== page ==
Behind the Scenes of Ken Block and Hoonigan's Climbkhana
Seven million views, 14,000 feet, 100 turns, one Ken Block. See how they did it.
Ken Block and the Hoonigan's released Climbkhana late last month, and as Block normally does he broke the internet. Climbkhana currently has amassed more than 7 million views. We have followed Block from back when he was testing his methanol-fueled 1,400 horsepower twin turbo V-8 engined monster, the Hoonicorn V2 to when he released the feature video, but haven't you wondered how the internet gold was made? Today we have the answer.
Ken Block and his Hoonigan crew released a behind-the-scenes film showing how Climbkhana was made.
The video begins with Block providing some voice over on why Pikes Peak is important and why it was important to do Climbkhana there. The 14,000 feet of elevation, the 100 corners, the fact that it snows in August. Everything adds up to being one of the most challenging roads in the world. As Block says, Pikes Peak only technically gets raced on, no one comes and does what he does because it isn't what race cars do, but it is what he does.
Climbkhana was created with a true legend. Hoonigan co-founder and Climbkhana co-director Brian Scotto called up Pikes Peak legend Jeff Zwart to help co-direct Climbkhana. Zwart directs television commercials when he is not thrashing Porsches, so he was up to the task.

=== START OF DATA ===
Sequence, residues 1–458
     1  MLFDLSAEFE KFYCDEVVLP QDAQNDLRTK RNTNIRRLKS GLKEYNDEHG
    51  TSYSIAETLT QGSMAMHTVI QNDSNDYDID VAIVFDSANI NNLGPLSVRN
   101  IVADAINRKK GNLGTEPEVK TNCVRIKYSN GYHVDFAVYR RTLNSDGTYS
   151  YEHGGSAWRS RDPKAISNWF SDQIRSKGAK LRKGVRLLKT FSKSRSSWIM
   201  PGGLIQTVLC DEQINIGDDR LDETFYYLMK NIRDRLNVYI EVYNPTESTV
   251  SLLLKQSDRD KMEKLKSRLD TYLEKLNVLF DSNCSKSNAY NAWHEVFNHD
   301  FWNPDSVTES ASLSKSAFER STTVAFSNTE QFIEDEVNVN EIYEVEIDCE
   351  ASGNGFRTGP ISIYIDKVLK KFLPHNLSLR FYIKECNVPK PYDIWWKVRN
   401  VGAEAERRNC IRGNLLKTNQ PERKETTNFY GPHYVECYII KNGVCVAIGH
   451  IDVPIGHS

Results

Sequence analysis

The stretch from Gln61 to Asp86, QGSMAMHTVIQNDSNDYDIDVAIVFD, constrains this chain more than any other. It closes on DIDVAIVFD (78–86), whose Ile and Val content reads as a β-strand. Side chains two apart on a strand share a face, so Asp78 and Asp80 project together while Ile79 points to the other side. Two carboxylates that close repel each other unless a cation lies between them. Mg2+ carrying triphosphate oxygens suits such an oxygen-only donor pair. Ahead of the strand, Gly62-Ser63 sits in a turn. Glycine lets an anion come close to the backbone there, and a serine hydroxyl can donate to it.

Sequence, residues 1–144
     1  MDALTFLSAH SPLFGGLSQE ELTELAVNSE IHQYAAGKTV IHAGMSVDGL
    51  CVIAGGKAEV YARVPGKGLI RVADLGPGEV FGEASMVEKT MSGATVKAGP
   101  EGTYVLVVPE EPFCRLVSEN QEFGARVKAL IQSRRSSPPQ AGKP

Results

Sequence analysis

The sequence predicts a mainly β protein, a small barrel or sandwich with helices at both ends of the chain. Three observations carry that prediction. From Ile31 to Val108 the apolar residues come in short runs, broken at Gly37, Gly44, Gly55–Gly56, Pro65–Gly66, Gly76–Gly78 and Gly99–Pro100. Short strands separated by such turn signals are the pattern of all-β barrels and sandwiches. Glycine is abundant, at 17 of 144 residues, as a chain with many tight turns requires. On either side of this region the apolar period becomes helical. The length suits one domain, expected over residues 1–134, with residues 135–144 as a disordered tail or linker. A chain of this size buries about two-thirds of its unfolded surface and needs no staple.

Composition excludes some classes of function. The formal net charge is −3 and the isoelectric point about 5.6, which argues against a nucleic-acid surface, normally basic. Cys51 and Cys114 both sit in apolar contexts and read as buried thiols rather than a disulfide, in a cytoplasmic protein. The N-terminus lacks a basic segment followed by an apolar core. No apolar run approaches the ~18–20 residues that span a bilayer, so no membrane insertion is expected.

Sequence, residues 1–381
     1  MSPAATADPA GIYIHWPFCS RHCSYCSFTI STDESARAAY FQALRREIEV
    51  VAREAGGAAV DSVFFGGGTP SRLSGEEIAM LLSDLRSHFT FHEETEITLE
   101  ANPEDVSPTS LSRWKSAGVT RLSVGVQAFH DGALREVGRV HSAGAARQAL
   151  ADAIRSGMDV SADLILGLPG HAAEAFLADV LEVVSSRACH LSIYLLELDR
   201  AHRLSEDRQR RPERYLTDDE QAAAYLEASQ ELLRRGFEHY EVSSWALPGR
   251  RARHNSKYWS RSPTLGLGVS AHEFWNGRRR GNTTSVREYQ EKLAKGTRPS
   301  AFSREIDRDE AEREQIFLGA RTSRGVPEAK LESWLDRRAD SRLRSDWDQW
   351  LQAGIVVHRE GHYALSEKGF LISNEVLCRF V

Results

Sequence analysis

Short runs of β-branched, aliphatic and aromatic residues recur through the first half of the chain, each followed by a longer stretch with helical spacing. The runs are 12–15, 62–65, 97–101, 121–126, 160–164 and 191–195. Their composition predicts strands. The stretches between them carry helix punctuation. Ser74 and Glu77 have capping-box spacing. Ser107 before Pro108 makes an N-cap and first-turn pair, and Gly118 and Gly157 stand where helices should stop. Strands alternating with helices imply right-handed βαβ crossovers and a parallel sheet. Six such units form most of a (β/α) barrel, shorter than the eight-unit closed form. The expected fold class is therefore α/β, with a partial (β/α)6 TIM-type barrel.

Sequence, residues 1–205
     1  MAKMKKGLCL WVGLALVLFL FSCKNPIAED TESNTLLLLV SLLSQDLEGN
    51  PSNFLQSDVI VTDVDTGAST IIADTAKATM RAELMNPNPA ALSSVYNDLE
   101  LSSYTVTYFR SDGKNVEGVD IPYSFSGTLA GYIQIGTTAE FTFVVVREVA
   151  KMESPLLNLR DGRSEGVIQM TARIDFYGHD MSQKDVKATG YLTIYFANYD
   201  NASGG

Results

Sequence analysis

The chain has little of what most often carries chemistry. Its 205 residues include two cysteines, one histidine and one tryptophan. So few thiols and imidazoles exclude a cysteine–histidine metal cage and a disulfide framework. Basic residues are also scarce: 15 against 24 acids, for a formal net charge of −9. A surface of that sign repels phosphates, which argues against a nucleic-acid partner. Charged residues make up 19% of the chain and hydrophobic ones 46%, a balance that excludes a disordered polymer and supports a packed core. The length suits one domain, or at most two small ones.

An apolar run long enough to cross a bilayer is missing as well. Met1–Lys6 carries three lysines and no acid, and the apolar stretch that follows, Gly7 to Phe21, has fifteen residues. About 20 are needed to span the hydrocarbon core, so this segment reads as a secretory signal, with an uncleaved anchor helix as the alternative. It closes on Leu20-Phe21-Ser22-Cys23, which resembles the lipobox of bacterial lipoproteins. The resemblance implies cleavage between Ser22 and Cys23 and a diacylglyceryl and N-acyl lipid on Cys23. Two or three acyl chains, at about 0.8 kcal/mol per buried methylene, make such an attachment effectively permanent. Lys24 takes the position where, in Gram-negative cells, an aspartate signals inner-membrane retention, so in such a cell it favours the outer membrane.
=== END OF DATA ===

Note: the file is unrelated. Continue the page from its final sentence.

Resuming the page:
Watching the video, you get to learn things you would not see in Climbkhana. For example, for recon between shoots, Block used a Focus RS and took the corners at speed to better judge what he could do in the Hoonicorn. You also see the horrible infamous weather changes you have to deal with on the mountain, like freak hail storms and tons of rain. Of course, the Hoonicorn is not immune to mechanical issues. The Hoonicorn crankcase was building to much pressure and as co-director Brian Scotto states it was "pissing oil out of any hole it can find."
Both directors, Scotto and Zwart, had only positive things to say about Block's work ethic and level of commitment for these types of films.
In the video, Block states that the stuff he did for Climbkhana was some of the sketchiest stuff he has ever done and his two wheels off at "Evo-corner" was the gnarliest moment in his career.
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